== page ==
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Results unclear for school funding amendment in Mississippi

By JEFF AMY

Associated Press

JACKSON — It was unclear late Tuesday whether voters would agree to amend Mississippi’s constitution to bolster public school funding, with official returns too close to call.

Early returns show more voters rejecting an amendment. Rejection would mean failure for Initiative 42, which would require the state to provide “an adequate and efficient system of public schools” and allow people to sue if funding falls short.

Republican leaders had advocated against any change at all. Lawmakers also proposed alternate amendment 42A, which requires “effective” schools, without stipulating a right to sue.

Even if voters end up approving a constitutional change on the first part of the ballot, there’s another step required. Under state law, either 42 or 42A must garner votes equal to at least 40 percent of all votes cast Tuesday to pass.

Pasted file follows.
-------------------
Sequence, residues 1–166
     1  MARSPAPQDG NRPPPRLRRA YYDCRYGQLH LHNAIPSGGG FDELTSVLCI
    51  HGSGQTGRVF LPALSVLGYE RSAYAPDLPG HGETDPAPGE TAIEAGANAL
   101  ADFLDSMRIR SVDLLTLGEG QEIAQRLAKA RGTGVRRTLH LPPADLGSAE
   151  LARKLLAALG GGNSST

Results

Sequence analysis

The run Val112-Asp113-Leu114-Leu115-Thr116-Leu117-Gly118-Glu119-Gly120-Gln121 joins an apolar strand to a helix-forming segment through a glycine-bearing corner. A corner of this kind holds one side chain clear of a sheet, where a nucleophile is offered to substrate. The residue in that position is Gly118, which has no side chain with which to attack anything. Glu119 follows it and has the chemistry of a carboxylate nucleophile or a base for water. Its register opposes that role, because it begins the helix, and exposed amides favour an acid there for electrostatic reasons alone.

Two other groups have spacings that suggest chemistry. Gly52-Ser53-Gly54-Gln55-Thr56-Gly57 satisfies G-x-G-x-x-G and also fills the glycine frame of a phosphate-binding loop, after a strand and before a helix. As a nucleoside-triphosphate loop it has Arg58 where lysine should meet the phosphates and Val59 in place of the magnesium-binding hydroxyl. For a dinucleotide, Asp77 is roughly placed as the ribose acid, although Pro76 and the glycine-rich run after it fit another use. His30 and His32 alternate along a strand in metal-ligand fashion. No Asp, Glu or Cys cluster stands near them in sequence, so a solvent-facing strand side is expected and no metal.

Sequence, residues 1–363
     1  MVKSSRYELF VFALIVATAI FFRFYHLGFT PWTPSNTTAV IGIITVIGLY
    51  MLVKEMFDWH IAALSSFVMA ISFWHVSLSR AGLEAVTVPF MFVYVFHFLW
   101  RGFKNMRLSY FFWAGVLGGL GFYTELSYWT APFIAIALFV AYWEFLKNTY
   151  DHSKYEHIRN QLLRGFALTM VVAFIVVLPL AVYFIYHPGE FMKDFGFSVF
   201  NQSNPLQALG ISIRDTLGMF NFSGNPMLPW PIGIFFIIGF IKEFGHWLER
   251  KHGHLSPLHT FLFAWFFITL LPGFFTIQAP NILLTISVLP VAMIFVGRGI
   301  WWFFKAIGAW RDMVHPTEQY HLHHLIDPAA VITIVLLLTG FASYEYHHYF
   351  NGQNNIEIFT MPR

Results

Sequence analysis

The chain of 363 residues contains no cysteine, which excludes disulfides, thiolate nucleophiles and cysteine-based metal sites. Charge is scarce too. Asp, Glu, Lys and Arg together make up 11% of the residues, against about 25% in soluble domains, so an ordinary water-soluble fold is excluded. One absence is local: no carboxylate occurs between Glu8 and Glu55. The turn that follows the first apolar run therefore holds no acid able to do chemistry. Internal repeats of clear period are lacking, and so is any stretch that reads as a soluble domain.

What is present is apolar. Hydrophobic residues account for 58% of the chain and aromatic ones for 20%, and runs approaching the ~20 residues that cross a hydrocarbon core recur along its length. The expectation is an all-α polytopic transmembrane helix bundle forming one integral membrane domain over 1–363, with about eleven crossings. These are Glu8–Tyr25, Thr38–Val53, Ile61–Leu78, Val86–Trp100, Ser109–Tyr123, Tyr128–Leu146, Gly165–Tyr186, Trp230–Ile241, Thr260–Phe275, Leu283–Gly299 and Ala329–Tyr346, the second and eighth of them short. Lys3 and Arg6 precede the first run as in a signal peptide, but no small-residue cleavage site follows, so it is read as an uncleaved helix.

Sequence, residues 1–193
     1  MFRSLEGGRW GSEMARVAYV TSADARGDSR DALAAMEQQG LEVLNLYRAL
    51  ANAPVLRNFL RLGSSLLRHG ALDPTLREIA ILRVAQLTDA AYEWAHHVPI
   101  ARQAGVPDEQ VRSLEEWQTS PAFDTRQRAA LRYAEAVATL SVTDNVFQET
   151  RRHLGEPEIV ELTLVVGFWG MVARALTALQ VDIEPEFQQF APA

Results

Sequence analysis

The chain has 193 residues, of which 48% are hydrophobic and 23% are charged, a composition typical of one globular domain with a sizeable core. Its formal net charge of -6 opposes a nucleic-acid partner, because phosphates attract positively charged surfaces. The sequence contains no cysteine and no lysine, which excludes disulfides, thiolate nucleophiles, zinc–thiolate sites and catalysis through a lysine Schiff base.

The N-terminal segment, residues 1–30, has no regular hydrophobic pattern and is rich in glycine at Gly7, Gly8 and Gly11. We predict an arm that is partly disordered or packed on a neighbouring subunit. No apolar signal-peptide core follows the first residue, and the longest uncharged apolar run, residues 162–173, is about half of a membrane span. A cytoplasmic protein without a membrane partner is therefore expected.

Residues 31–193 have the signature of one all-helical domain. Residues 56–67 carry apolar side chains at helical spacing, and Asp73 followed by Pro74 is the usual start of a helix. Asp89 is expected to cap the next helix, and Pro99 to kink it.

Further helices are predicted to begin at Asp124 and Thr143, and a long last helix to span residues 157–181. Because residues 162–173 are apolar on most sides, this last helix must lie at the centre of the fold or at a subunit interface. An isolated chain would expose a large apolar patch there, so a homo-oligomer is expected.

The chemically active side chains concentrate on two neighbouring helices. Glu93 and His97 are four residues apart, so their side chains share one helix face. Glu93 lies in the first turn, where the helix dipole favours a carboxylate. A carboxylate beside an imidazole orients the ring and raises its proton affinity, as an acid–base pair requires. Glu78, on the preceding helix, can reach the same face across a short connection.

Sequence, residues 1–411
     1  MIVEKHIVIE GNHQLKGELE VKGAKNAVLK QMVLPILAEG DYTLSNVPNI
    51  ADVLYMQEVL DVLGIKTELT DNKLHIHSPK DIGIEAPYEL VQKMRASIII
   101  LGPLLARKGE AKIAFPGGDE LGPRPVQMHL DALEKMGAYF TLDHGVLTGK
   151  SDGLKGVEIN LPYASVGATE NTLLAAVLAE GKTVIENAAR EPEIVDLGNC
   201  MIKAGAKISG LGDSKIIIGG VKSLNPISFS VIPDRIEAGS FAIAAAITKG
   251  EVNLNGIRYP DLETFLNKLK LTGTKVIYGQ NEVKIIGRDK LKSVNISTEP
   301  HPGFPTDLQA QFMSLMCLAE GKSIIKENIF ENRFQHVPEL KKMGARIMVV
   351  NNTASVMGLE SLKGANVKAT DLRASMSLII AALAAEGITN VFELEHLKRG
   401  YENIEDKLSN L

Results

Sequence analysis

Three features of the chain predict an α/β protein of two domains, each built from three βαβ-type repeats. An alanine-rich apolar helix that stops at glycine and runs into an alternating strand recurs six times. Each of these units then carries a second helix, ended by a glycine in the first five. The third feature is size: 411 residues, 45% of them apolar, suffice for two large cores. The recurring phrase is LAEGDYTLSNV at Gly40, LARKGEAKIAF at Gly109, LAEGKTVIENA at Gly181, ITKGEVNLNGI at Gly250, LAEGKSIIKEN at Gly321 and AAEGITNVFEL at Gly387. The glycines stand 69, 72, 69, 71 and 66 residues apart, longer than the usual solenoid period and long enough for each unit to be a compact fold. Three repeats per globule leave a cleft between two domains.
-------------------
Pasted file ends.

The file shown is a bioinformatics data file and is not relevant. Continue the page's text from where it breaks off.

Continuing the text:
Backers of the initiative spent more money than had ever been spent on a referendum in Mississippi before, raising more than $3 million. Those contributions were channeled through out-of-state charities, but ultimately most of the money came from the W.K. Kellogg Foundation, former Secretary of State Dick Molpus and former FedEx executive Jim Barksdale.